I fill my electric kettle with filtered water, and as it comes to a boil I choose my beans and grind them. Our house usually has only one choice of coffee at a time, but right now we have four. If we have zero, it constitutes an Ebola-level emergency.
I grind the beans to the size of kosher salt. All the gear I use for my coffee is pretty cheap, with the notable exception of the grinder, which is the one tool that you can’t really get away with skimping on or rigging. I have the Baratza Virtuoso. I grind 21 grams if I want one cup, 26 grams if I want one cup and a small refill, and 40 grams if I am making coffee for two. The grinder has a hopper which can store beans, but I don’t use it- I weigh the beans before they go in there to minimize waste and maximize accuracy. These measurements will yield 300ml, 400ml, and 600ml of coffee.
I flush a paper filter with off-the-boil water, which will rid the filter of much of its papery flavor. This also heats the vessel into which the coffee will be brewed. We could be talking about a sexy, dedicated Japanese coffee pitcher here, but I am talking about a wide-mouthed Ball jar. I think I paid $8 for six of them. They don’t look as good, and they lack a pour spout and a handle- but they work. The cone through which I brew was is a Kalita. I have another plastic one which cost me $4 and works the same as the shiny one.
After the hot water has flushed the filter, I dump that water and put the ground coffee in the filter, atop the jar. This whole rig is on top of my digital scale, which I zero out. I make a little dimple in the mound of grounds, and carefully distribute a thin stream of water, totaling about twice the weight of the grounds. I do my best to wet all of the grounds. This “blooming” of the grounds releases some of their pent-up carbon dioxide, effectively waking them for brewing. After letting them sit for thirty seconds, they are ready. Most of that water has been absorbed by the beans, but there's is a tiny pool of dark, rich coffee at the bottom of the jar.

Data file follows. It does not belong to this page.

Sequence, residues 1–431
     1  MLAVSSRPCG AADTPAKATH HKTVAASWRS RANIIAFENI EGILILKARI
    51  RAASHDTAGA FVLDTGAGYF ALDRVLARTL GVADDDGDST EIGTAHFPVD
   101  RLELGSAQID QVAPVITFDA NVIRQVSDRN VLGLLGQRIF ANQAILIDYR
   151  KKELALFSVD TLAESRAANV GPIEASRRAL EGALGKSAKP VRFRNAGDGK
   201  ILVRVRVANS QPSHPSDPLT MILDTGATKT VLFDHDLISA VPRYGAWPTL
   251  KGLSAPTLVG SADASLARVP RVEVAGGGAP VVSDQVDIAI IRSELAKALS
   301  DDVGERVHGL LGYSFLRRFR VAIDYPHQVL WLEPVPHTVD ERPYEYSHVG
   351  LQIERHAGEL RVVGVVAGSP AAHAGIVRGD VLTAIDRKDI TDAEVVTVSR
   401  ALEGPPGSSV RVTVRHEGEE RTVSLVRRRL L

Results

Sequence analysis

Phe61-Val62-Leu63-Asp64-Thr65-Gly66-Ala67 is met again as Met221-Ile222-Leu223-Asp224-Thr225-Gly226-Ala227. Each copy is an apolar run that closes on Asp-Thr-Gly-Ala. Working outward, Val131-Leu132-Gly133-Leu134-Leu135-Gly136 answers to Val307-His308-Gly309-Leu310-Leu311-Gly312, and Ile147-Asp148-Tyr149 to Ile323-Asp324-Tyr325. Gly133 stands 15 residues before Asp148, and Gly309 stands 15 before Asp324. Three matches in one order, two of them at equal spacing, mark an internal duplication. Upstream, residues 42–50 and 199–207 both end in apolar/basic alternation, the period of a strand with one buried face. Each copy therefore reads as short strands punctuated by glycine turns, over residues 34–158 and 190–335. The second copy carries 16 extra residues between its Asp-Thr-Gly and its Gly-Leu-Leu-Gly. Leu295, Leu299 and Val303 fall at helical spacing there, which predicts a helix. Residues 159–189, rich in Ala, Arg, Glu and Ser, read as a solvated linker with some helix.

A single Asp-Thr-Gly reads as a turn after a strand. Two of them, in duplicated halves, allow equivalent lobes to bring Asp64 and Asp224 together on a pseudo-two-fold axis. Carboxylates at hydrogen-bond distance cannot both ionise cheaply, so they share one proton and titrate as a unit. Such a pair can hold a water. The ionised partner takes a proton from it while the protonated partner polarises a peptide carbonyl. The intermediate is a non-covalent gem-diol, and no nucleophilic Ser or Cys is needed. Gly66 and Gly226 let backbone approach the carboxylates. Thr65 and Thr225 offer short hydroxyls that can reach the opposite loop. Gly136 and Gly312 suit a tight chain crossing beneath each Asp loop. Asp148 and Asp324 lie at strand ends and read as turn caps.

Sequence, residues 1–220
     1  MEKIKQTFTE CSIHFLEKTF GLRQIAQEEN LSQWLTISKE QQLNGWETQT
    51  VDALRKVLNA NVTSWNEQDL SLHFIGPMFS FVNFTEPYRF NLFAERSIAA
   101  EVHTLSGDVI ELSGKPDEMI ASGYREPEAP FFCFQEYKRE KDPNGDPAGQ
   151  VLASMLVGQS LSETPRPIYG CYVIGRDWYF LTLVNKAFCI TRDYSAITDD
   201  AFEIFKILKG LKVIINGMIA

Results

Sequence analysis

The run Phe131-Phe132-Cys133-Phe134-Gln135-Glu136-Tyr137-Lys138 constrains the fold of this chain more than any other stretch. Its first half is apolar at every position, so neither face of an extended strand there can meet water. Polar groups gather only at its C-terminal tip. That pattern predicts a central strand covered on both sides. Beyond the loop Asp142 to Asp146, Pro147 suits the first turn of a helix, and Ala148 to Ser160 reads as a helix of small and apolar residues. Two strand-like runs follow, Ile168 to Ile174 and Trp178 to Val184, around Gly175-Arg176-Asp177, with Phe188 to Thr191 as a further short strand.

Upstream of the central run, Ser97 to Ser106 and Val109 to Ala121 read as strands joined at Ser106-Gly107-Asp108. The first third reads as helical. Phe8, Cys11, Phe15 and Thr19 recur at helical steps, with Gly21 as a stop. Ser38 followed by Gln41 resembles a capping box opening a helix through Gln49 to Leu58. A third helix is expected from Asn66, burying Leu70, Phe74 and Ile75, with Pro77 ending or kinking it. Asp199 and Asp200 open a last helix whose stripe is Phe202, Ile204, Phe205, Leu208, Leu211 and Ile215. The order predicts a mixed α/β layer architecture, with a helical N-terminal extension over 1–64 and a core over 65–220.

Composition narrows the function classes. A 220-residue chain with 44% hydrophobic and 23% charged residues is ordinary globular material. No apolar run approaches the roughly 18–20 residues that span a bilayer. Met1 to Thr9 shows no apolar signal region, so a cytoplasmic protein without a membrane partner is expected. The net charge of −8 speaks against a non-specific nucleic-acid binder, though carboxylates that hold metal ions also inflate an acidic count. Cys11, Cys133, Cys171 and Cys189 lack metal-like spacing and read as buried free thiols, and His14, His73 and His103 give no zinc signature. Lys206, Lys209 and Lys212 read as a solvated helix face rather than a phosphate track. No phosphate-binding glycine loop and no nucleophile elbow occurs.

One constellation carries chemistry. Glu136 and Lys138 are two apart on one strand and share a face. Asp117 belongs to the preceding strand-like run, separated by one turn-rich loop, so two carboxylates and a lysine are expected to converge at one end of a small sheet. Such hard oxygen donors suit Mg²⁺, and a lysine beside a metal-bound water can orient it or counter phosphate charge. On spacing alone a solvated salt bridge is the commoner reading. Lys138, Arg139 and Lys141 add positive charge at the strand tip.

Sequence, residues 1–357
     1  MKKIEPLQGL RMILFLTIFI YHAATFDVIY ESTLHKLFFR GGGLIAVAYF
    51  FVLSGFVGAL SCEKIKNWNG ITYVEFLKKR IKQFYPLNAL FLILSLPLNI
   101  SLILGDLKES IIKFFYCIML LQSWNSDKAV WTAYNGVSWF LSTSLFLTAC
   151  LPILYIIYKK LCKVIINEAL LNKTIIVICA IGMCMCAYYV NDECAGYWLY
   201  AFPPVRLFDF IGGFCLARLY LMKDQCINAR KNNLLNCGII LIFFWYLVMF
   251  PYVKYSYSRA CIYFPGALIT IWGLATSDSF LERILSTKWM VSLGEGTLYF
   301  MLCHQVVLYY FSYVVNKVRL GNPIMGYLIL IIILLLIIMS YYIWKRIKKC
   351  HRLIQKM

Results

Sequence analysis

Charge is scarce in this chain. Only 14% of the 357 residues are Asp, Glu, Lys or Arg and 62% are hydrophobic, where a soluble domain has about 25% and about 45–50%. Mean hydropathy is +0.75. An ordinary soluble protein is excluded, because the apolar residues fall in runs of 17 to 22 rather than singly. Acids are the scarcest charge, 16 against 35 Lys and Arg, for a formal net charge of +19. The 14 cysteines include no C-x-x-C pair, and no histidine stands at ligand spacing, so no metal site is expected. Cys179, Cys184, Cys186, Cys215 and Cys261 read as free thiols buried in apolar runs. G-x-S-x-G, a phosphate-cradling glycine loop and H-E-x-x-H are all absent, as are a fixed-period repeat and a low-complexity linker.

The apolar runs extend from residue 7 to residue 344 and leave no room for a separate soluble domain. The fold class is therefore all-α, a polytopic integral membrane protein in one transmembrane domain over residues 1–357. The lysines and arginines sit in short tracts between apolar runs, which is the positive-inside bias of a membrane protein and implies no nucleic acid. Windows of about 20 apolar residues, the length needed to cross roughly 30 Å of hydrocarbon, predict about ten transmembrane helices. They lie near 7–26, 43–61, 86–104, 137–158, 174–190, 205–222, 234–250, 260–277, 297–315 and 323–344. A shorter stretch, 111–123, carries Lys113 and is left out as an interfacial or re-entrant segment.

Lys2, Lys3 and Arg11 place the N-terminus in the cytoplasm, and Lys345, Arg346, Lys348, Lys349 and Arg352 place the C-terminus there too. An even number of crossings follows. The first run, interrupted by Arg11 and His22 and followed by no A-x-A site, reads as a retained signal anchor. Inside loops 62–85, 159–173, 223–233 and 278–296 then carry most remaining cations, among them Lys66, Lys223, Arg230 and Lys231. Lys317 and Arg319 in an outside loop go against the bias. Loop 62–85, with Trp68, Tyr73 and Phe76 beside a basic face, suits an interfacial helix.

Now, I brew. I add enough water to half-fill the cone, pouring to make sure no grounds are dry and neglected. I am looking at my watch now; the whole process, including the blooming, should take about three and a half minutes. The coffee drips, and the slurry falls. It rises again when I add more water. I look at my watch. I look at the scale. I add my 300, 400, or 600g of water. Say what you want about this un-American system of measurement, but don’t say it doesn’t make sense. 300g of water is 300ml, and so on. My scale’s on metric.
I am not brushing my teeth or texting or getting ready for work- I am brewing coffee. I don’t walk away from the cooktop when I am poaching eggs, and I don’t walk away from this. This is the only thing I am doing right now.
My watch beeps. A few laggards drip slowly into the jar. My cup, which I have warmed with water from the kettle, is ready. I empty it of water, and fill it with hot coffee, and the best part of my day begins. The Day Itself begins. Bring it on.